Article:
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CHAPTER VIII


THE Queen, closely followed by Phillips, hurried through the cellars, along narrow passages, up a dozen different flights of stairs. They lost themselves several times. Twice they arrived by different routes at the large central kitchen. Twice they left it by different doors. They grew hot with laughter and bewilderment. Then they heard the steamer’s syren and grew hotter still with impatience. At last, breathless and flushed, they reached the steps at which they had landed.

Eight boats lay clustered round the steamer. One of them was her own, a heavy white boat, carvel built, with high freeboard. Four men sat in her, resting on their oars. The other seven were island boats, gaily painted red and green, high prowed, high sterned. The biggest of them had a mast stepped right forward, a mast which raked steeply aft, across which lay the yard of a lateen sail. Six oarsmen sat in her. The other island boats were smaller. There were only two rowers in each. They had the same high bows and high sterns curving inwards, the same low freeboard amidships where the rowers sat. In them were many women and children.

On the deck of the Ida stood a little group of men. Captain Wilson’s neat alert figure was easily recognizable. Mr. Donovan’s white Panama hat was unmistakable. Phillips declared that the smaller man who stood beside Mr. Donovan was Smith, the steward. A little apart from them stood a tall bare-headed man. He had a long white beard. There seemed to be some kind of consultation going on. When the Queen and Phillips appeared on the steps below the castle the group on the steamer broke up. Captain Wilson, Mr. Donovan and Smith took places in the Ida’s lifeboat. The old man went into the largest of the island boats. He stood in the stern, his hand on the carved end of her huge tiller. The eight boats, tailing out in a long procession, rowed slowly towards the castle steps.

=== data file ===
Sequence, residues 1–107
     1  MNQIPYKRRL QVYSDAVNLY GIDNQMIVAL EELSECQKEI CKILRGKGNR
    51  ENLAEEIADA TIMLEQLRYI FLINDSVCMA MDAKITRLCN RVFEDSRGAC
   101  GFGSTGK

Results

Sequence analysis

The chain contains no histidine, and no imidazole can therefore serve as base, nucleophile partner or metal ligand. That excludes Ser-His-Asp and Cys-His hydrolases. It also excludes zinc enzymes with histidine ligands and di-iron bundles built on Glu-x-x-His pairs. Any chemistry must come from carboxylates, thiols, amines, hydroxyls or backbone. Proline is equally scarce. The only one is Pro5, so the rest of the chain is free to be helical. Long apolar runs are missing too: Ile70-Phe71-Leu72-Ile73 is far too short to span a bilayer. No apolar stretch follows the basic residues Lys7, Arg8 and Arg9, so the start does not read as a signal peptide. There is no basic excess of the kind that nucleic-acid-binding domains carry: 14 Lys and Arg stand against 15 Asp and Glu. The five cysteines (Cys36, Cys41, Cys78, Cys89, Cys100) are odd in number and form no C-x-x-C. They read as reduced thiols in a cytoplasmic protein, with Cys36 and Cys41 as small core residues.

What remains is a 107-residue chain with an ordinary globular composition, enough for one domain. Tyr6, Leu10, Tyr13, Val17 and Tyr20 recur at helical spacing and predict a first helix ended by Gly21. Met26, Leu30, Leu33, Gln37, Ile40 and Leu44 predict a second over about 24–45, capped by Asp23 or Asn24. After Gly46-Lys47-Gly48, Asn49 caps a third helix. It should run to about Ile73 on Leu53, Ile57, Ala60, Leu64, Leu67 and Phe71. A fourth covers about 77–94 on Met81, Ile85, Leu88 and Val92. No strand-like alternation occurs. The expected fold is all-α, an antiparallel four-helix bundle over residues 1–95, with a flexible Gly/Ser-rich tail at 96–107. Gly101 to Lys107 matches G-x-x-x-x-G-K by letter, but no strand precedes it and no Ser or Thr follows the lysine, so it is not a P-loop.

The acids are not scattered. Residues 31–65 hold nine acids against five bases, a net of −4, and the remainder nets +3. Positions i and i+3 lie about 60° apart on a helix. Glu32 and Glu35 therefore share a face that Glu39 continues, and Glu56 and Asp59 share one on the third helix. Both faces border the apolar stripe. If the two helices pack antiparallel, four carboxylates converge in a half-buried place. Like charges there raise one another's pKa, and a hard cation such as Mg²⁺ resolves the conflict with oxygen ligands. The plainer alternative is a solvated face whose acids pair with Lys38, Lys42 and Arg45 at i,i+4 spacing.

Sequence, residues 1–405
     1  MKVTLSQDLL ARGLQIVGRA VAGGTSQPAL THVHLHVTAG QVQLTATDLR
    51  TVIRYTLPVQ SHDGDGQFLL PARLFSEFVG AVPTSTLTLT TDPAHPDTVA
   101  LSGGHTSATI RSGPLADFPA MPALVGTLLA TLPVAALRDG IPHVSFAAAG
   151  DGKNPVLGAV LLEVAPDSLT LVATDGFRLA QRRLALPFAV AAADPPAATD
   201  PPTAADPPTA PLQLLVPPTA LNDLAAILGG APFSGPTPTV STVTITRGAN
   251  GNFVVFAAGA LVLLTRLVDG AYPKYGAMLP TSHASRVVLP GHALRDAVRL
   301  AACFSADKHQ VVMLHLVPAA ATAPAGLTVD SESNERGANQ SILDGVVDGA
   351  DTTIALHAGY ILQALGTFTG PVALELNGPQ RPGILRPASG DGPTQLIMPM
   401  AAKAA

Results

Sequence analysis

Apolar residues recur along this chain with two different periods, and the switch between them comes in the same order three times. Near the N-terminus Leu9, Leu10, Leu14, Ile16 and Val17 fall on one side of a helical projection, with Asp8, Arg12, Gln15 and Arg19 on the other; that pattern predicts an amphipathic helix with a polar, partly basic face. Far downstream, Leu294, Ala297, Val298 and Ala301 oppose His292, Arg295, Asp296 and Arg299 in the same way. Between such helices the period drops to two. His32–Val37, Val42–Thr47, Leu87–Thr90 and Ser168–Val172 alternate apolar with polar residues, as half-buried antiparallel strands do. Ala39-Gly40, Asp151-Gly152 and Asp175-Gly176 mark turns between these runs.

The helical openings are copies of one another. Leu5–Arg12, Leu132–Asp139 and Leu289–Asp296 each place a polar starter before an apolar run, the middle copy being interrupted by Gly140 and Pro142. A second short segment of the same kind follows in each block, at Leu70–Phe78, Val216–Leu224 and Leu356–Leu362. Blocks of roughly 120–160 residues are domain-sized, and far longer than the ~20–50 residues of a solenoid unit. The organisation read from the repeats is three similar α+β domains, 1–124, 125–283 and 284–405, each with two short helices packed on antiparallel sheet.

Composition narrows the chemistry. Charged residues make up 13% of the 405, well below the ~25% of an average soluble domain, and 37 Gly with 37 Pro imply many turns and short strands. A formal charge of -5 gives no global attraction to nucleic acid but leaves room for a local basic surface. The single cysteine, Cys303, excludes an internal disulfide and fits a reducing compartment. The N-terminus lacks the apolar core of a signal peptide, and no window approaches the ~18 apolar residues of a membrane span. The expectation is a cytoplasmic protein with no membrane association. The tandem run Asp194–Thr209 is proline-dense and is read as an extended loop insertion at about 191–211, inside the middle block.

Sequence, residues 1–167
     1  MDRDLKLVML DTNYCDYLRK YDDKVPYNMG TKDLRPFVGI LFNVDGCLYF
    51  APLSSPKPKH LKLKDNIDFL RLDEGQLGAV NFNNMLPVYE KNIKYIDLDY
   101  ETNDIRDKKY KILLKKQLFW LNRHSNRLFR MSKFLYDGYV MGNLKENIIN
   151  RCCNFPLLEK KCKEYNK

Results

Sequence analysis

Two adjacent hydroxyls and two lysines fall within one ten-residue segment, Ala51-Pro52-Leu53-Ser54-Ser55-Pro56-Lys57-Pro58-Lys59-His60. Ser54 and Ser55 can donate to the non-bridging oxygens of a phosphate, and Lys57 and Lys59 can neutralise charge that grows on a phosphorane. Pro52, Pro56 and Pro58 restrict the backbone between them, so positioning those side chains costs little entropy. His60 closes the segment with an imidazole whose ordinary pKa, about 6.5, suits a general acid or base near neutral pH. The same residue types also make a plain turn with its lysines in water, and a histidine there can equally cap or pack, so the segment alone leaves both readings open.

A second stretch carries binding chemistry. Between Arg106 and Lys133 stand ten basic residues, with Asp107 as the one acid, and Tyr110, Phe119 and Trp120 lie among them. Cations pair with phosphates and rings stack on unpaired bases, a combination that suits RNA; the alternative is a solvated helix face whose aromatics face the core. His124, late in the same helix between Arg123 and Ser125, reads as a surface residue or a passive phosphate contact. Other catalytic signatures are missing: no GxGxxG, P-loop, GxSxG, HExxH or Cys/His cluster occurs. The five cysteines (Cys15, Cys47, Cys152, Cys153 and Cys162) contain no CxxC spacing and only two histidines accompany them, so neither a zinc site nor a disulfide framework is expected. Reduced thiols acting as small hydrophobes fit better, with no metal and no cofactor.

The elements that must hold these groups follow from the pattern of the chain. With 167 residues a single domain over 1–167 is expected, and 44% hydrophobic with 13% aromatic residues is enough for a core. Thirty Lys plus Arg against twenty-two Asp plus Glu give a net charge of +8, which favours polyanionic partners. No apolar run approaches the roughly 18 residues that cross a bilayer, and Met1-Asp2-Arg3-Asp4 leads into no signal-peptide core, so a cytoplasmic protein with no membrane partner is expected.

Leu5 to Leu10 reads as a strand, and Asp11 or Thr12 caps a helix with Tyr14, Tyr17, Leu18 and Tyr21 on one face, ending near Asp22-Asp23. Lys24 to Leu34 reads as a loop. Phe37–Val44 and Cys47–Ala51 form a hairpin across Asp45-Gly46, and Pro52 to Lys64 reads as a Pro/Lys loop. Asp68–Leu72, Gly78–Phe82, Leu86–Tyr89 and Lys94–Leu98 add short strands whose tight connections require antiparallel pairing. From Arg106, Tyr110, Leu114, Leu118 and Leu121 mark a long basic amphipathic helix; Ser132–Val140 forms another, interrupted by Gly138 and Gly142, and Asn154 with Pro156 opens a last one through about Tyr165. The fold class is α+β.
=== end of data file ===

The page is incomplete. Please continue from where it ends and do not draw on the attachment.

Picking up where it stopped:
“They must be your subjects,” said Phillips. “They are coming to swear allegiance.”

“My!” said the Queen. “What shall I say? What shall I do? What will they do? They can’t all kiss my hand. There must be forty of them.”

“I think,” he said, “that you’d better stand beside the flagstaff. It’s a commanding sort of position. They’ll have to climb up the steps to get to you. I wish the breeze had not died away. The flag would look ever so much better if it blew out.”

The Queen climbed the steps and took her place beneath the limp royal standard. Mr. Phillips bared his head and stood behind her.

The boats reached the steps. Mr. Donovan landed. Smith stepped ashore after him. Captain Wilson bade his men push off. He remained, a critical observer of the scene, some twenty or thirty yards from the shore.

“Daisy,” said Mr. Donovan, “there’s going to be a pageant. The inhabitants of this island are going to demonstrate.”

“How shall I talk to them?” said the Queen. “What language do they speak?”

“Don’t you fret any about that. I’ve brought Smith along. Smith is the only living Englishman who speaks the Megalian language. He’s been explaining the situation to the high priest of the island for the last half-hour while we blew bugle calls on the syren to attract your attention. Smith is a wonderful man, worth any salary to a firm with a big foreign business.”

Smith bowed.

“It’s hardly a language, sir,” he said. “A dialect, a patois. Partly Turkish, partly Slavonic, with a Greek base.”

“Some language that,” said Mr. Donovan. “It would interest our college professors. If you found a university on the island, Daisy, you must institute a system of visiting lecturers from the colleges on our side.”

“Oh, here they are!” said the Queen. “How lovely! Look at all their bright dresses. And the men are as gay as the women. Oh! there’s the dinkiest little baby with a brown face. He’s smiling at me. I know I shall just love them all, especially the brown babies.”

The islanders were disembarking from their boats. They crowded together on the lower steps of the staircase which led up to the flagstaff. They talked rapidly in low voices and gazed with frank curiosity at the little group above them. Women held babies high in their arms. Men took up toddling children and set them on their shoulders. Evidently all, even the youngest, were to have their chance of gazing at the new queen.